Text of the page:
If memory serves, the series prominently featured an inept sheriff department, a white suit wearing villain, ferocious car chases, a preposterously hot chick with influential ass-fashion, a mechanic named Cooter, and a pair of hillbilly cousins peeling around in an orange Charger shooting things with dynamite arrows. Fans of the show will no doubt be thrilled to learn that the movie pretty much covers all the necessary bases, and though it doesn’t really matter, there’s almost a plot as well.
Bo and Luke Duke (Seann William Scott and Johnny Knoxville, respectively, I think) are delivery boys in the hooch distribution business, using their infamous automobile the General Lee to outrun the law, after which they smash the hell out patrons at the nearby restaurant where their unreasonably sexy cousin Daisy (Jessica Simpson) waits tables and speaks with a crappy Southern accent. A former local hero returns to town to challenge Bo in the annual off-road race, while town creep Boss Hogg (Burt Reynolds) is framing citizens and stealing their land. Them Duke boys then travel to Atlanta and recruit delectable college chicks to investigate the matter, and then drive really fast and crash cars and save the day.
Dukes of Hazzard would be insulting were there actually a precedent for quality, but even subterranean expectations don’t help matters — basically you get exactly what was provided on the TV series, only far dumber and louder (and with questionable soundtrack choices – I understand the urge to use songs with driving guitar riffs, but putting “Mississippi Queen” in a movie set in Georgia makes about as much sense as playing “If You Want Blood You Got It” during a police pursuit). The screenplay is credited to John O’Brien, who handled writing duties on Starsky & Hutch to similarly tragic effect, though director Jay Chandrasekhar surely enlisted the rest of his Broken Lizard cohorts (they all pop up in the film) for script input. And yet somehow they produce nary a single amusing situation or line of dialogue.
The extent of characterization is that Luke is a ladies man, while Bo just wants to fuck his car (and I seriously wish I meant that figuratively). Daisy occasionally removes articles of clothing, which is apparently central to the indistinct plot, or at least reminds male viewers to remain conscious. Willie Nelson purportedly plays Uncle Jesse, although all he really does is stand around telling horribly unfunny jokes – I’m not even entirely certain he’s aware that he’s playing a character in a movie. Surprisingly the movie doesn’t have a single clumsily incorporated cameo by the original cast (not even Coy and Vance!), but it does arbitrarily feature Wonder Woman Lynda Carter and a completely superfluous Super Troopers homage, which only the readership of CHUD and about 142 other people will actually get. At least this unrated version of the movie has the decency to also include a few hot naked girls.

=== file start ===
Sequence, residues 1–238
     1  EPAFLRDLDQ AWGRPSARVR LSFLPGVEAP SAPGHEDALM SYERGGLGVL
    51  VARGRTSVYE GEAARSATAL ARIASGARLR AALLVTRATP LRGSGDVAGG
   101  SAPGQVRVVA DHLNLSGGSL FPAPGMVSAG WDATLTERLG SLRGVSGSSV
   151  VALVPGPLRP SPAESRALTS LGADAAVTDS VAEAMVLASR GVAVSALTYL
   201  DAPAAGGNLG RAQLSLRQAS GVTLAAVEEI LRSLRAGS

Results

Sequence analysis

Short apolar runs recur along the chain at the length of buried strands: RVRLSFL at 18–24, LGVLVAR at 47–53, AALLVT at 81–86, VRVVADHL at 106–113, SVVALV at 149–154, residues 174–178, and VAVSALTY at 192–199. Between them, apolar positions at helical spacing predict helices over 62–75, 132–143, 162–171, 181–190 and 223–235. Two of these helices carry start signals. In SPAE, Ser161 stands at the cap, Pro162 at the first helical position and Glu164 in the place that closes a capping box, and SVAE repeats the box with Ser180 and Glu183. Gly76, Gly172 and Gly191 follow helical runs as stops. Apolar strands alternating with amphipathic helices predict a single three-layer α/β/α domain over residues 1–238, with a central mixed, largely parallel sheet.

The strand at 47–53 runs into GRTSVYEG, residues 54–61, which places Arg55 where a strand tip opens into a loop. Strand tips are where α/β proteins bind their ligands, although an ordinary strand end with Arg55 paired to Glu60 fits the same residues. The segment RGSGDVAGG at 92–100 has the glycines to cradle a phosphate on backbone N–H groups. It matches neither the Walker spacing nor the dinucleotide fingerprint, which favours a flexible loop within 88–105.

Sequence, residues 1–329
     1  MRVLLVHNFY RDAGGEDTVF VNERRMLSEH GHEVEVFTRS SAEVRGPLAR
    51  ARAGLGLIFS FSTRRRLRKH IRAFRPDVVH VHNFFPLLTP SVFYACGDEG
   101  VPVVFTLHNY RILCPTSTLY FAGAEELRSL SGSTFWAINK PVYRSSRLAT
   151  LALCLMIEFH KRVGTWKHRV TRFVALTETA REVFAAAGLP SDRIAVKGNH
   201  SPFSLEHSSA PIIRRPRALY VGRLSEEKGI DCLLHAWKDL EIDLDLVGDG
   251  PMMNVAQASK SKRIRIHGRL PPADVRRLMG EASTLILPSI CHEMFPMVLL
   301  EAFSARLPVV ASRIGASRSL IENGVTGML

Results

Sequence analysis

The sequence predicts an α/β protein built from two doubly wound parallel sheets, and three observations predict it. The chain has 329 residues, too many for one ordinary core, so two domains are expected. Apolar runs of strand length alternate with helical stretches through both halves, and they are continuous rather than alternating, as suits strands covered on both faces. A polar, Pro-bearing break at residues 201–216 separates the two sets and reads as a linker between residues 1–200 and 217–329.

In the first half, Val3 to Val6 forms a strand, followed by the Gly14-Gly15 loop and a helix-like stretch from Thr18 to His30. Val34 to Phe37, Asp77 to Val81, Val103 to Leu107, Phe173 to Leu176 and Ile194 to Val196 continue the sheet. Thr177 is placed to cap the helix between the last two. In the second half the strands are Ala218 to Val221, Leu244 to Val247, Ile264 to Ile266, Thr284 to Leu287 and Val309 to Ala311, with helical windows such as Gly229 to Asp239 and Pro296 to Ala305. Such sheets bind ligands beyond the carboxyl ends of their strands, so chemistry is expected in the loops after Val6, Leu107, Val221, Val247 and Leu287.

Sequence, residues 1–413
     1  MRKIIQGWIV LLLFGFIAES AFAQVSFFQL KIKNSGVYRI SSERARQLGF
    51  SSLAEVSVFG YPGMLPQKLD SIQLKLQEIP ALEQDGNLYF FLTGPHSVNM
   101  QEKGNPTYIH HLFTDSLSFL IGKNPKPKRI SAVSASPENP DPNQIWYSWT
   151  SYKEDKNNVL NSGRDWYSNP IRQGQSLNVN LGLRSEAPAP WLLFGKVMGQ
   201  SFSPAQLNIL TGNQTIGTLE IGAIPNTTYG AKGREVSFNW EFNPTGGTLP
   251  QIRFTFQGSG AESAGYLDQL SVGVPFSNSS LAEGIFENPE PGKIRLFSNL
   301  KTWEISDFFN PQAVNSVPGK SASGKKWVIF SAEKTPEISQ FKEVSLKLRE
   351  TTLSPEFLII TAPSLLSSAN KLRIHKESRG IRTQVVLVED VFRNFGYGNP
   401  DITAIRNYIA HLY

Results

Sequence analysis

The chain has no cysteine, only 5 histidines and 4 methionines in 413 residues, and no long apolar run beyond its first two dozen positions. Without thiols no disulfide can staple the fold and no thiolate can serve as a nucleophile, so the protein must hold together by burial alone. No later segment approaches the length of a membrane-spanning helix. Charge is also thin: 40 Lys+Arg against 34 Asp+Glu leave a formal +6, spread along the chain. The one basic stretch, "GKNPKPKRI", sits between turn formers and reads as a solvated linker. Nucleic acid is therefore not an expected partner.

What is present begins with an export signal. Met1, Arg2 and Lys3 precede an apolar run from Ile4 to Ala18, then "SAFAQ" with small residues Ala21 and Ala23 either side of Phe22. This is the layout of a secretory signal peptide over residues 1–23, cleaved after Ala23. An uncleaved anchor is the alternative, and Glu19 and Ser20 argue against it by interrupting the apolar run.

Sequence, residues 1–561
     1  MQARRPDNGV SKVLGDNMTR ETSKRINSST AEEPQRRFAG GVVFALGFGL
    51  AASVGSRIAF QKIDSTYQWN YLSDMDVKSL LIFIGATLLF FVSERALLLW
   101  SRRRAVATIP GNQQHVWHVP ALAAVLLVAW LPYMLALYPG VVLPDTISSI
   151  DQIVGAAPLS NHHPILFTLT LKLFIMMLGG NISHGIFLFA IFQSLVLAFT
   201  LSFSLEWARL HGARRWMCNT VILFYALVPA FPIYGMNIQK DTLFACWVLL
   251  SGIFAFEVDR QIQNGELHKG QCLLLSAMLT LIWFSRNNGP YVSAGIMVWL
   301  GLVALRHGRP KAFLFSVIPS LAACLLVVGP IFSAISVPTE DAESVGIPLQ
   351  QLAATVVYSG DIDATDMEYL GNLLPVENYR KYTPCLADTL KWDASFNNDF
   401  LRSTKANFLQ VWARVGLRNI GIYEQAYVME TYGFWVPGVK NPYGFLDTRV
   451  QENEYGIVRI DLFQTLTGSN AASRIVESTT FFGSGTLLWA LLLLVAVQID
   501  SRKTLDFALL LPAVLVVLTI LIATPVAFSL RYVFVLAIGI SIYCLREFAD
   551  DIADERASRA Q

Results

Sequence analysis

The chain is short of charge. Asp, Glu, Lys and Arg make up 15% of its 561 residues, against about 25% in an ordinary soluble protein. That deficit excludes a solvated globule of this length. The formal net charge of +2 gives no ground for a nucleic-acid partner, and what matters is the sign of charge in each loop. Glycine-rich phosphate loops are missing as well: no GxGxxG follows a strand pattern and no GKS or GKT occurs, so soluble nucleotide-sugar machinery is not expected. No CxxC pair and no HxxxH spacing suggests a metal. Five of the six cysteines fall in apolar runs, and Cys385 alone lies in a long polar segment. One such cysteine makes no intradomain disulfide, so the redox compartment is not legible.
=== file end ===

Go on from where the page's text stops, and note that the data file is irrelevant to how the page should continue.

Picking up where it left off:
Unfortunately steering clear of Spoof County, Chandrasekhater barrels straight down the nondescript action-comedy route, content to offer up the checklist of essential idiotic ingredients while supplying little else of entertainment value. There are a number of respectable old-fashioned vehicle stunts through the film, but ultimately they only illustrate that the General Lee is far more interesting than any of the actual humans in the movie (aside from Simpson’s flawless chassis, which is enough to fluster even Joe Don Baker).
Bereft of anything approaching humor or logic, Dukes of Hazzard is a movie where Jessica Simpson appears to be the most intelligent person on the screen, a movie where the vast majority of laughs are provided by the bloopers that play during the very welcome end credits. In fact, a bar fight scene where the abrasive Seann William Scott wears a special needs helmet and head butts everybody is a suitable analogy for the film itself.